- Non-formal education: education according to a variety of programmes geared to satisfy education needs, provide in-service training and acquire an additional competence, with the exception of formal education programmes.
How specific cases – such as home-educated children/learners – are considered
Children/learners who are educated at home through formal education programmes are considered as being in formal education. Home education is the form of organisation.
Children/learners who are considered out of formal education (meaning those not in formal education as defined by ISCED)
Out of formal education refers to children of compulsory school age (6–16) who are not attending pre-primary, primary or lower-secondary education programmes.
How the population of children/learners who are out of formal education is defined
- ‘Not learning child’ refers to a child under the age of 16 not registered in the Pupils’ Register, whose place of residence is declared in the relevant municipality, or a child enrolled in the record of people without a residence, according to the municipality where they live.
- ‘Child not attending school’ refers to a child who is registered in the Pupils’ Register, whose place of residence is declared in the relevant municipality, or a child enrolled in the record of people without a residence, according to the municipality where they live, but who did not attend school for a month without a justifiable reason, and has been out of school for more than half of the lessons or hours allocated for education.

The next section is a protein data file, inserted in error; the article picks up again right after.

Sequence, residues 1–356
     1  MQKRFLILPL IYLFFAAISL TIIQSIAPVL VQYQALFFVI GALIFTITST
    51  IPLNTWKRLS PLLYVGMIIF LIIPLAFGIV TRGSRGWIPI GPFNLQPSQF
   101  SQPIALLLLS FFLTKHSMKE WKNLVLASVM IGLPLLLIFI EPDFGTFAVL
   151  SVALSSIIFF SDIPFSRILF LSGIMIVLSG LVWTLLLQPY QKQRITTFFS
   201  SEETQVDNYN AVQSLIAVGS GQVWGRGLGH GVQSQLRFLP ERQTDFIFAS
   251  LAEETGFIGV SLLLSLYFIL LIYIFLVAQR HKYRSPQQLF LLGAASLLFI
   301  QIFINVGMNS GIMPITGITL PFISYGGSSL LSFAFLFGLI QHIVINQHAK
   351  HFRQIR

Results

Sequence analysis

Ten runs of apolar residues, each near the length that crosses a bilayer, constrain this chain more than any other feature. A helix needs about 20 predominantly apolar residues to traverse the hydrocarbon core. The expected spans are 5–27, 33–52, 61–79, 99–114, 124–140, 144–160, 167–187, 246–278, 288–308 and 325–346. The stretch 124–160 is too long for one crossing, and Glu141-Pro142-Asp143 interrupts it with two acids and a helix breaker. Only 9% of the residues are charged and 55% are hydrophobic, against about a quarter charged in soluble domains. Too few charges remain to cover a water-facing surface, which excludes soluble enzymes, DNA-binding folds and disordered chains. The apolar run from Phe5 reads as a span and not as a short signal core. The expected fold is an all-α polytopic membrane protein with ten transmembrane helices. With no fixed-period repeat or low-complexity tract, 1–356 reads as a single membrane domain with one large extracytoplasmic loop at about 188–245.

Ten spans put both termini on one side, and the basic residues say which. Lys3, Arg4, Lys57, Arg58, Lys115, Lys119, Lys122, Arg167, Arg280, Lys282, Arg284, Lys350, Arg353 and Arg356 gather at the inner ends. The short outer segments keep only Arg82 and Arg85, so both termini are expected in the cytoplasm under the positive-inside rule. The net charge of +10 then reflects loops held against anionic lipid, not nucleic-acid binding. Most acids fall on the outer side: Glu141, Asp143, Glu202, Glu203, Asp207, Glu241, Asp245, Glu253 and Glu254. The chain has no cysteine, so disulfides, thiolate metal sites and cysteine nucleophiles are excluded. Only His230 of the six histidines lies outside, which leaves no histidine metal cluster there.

Every child in Lithuania from 6 to 16 years of age must be educated in formal education programmes.
The data collection covers all sectors of education, including numbers for the child/learner population in the private sector.
Private sector education in the country
According to the Law on Education, a non-state school refers to one in which the owner or one of the stakeholders is not the State or a municipality.
Child/learner population counted for each relevant question
Data from private sector schools is included in the country data collection.
Specific issues with providing data on private sector education and how these have been overcome in the data collection
No specific issues for private education in pre-primary, primary and lower-secondary education programmes.
The following are the most common (pre)school entrance ages and (pre)school leaving ages for the different ISCED levels:
Age range in the country at ISCED level 02 (pre-primary): 6 to 7
Age range in the country at ISCED level 1: 7 to 10
Age range in the country at ISCED level 2: 11 to 16
Age range in the country at ISCED level 3: 17 to 19
Additional remarks, comments or explanations on the country background information
Pre-school and pre-primary education is non-formal in Lithuania. Pre-primary education (from six years of age) is compulsory.